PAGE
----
UNICEF sounds alarm over HIV infection cases in Latin America

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In Latin America and the Caribbean, a daily registration of approximately 30 new cases, totaling 11,000 annually, underscores the prevalence of infections among adolescents and young people aged between 10 and 19 years, as highlighted in the latest publication by UNICEF on children with HIV and AIDS.

The new infections in this age group are predominantly concentrated among adolescents and young men. The period from 2010 to 2021 saw a 25 percent reduction in new HIV infections for adolescent women, contrasting with only a 3 percent decrease among adolescent men.

Despite these statistics, girls, adolescents, and women remain the most affected by the HIV epidemic, primarily due to gender inequalities that often leave them powerless to negotiate safe sex. This is compounded by the manifestation of poverty in communities located far from health centers and a lack of access to HIV prevention, sexual, and reproductive health programs.

Recent UNICEF data estimates that approximately 34,000 pregnant women in Latin America and the Caribbean require treatment to prevent mother-to-child transmission of the virus.

Garry Conille, the Regional Director of UNICEF for Latin America and the Caribbean, expressed concern, stating, “Although the region has not experienced significant increases in HIV infections, we are troubled by the fact that adolescents and young people may contract the virus unknowingly. Less than 25 percent of adolescents and young people have access to an HIV test, while sexual and reproductive health services for adolescents are limited.”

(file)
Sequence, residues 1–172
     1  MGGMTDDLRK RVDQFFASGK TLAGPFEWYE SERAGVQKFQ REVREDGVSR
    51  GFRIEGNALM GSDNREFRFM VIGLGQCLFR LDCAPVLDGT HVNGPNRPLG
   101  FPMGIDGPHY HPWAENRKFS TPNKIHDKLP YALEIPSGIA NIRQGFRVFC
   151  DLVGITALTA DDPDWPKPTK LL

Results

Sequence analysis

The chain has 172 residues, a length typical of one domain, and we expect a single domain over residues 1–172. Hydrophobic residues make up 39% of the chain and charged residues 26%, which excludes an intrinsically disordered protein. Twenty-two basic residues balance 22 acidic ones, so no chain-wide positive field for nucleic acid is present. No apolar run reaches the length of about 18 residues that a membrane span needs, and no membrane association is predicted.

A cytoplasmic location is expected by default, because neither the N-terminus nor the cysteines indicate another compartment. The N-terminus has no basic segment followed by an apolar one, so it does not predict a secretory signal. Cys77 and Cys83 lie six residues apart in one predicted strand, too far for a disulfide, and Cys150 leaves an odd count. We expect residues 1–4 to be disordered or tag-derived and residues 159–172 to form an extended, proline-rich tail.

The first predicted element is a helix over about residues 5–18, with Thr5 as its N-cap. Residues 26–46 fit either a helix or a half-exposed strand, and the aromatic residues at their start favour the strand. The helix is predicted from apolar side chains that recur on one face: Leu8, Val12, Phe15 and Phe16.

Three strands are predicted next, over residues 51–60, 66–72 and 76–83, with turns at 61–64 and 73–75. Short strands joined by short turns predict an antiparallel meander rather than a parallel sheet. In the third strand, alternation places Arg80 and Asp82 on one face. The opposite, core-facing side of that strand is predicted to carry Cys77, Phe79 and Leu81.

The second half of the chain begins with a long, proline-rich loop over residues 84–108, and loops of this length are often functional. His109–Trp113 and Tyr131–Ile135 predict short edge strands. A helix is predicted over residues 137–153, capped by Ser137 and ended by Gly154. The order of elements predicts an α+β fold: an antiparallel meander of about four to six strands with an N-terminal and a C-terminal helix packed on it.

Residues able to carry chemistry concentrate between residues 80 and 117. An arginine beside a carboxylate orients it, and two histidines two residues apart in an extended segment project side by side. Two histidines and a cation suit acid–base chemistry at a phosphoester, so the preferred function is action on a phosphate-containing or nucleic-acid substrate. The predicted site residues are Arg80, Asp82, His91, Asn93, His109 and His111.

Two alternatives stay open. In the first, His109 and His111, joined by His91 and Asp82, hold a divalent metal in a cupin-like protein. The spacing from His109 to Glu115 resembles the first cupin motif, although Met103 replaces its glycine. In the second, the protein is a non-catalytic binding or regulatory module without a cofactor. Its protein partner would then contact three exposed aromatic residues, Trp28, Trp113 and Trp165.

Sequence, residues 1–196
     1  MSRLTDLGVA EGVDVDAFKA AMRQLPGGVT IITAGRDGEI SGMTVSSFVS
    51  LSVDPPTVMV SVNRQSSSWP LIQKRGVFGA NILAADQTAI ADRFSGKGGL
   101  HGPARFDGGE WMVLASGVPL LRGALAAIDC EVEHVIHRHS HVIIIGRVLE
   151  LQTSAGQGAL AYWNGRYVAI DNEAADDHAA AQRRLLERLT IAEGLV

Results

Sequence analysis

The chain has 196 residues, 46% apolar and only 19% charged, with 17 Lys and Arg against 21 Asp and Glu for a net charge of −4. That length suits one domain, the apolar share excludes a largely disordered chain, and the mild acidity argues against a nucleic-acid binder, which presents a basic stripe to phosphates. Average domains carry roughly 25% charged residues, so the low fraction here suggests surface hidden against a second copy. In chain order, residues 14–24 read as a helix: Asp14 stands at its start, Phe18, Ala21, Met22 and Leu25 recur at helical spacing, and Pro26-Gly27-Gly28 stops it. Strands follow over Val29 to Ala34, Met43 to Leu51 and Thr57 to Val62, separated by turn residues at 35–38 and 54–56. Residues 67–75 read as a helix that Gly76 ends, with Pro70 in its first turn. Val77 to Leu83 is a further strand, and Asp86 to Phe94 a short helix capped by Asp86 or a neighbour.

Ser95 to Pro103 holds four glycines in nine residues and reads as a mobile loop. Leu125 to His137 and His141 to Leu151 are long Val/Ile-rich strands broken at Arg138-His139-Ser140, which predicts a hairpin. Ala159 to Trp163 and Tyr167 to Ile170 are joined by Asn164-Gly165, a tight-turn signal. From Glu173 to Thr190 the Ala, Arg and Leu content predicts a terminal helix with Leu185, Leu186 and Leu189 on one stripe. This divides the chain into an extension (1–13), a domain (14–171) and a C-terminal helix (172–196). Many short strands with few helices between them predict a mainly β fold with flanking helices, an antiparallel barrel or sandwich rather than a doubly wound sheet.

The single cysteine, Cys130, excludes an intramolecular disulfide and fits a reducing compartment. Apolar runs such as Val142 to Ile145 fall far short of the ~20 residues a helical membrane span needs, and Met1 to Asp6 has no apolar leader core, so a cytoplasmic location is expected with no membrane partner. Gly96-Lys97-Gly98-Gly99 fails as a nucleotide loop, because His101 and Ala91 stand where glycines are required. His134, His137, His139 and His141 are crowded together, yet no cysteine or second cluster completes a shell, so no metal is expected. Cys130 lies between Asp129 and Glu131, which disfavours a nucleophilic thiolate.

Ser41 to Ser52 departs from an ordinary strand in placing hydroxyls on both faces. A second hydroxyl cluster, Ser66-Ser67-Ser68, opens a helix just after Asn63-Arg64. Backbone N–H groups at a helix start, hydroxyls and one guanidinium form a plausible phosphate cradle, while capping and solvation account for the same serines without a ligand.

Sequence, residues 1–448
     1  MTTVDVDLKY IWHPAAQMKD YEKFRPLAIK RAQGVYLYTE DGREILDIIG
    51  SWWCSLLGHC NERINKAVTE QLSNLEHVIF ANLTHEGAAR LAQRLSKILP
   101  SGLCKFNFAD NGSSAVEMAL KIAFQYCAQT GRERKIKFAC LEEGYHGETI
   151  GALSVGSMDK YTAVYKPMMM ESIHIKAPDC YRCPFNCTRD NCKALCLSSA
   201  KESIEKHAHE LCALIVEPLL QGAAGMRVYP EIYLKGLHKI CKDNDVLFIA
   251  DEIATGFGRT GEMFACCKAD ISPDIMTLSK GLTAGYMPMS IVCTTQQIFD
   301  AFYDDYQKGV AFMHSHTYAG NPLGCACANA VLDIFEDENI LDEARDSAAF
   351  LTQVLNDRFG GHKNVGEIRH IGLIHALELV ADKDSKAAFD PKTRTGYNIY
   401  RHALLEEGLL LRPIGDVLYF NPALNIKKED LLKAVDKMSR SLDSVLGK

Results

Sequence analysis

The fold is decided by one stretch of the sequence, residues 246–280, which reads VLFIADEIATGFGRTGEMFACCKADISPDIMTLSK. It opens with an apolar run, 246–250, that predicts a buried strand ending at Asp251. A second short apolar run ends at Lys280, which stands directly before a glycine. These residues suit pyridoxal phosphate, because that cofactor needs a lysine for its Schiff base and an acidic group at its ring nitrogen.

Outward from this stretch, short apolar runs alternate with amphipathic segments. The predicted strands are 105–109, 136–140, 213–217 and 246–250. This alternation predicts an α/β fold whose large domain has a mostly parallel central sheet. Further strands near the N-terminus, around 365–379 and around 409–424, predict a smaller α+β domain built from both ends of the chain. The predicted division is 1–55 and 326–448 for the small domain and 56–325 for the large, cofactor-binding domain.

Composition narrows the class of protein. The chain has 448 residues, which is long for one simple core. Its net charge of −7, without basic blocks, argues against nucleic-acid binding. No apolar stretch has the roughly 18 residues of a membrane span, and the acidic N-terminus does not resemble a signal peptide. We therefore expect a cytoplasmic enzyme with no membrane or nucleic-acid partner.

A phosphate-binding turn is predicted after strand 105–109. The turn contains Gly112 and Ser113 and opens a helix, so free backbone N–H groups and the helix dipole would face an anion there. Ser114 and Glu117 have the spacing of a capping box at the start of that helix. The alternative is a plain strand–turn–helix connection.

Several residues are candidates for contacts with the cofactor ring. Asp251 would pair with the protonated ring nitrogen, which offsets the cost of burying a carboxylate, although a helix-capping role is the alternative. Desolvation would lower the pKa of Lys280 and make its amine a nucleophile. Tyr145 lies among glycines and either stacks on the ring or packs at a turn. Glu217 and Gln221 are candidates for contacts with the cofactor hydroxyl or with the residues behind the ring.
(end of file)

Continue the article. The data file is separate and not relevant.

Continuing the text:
The fight against AIDS poses significant challenges for younger populations. According to UNAIDS estimates, in 2023, only 39 percent of boys and girls between 0-14 years old will have received antiretroviral treatment due to barriers such as limited access to services and care. Consequently, half of HIV-infected children without timely treatment succumb before the age of two, with 8 out of 10 dying before reaching five.

Moreover, Latin America and the Caribbean grapple with one of the world’s most complex migration crises. The mobile population faces heightened levels of HIV-related stigma, fear of deportation, and restricted access to prevention and treatment services, pushing them away from HIV programs. Service coverage gaps between migrants and the local population are exacerbated when host countries fail to guarantee access to health and laboratory services for uninsured individuals.

UNICEF remains committed to ending pediatric AIDS and safeguarding women, children, and adolescents, as well as the most vulnerable populations, from HIV. The organization urges governments to utilize data for evidence-based action, allocate HIV resources to address gaps, raise awareness, especially among adolescents, about virus transmission and prevention, and establish free, differentiated health services without legal barriers to access that facilitate information. (Agencies)

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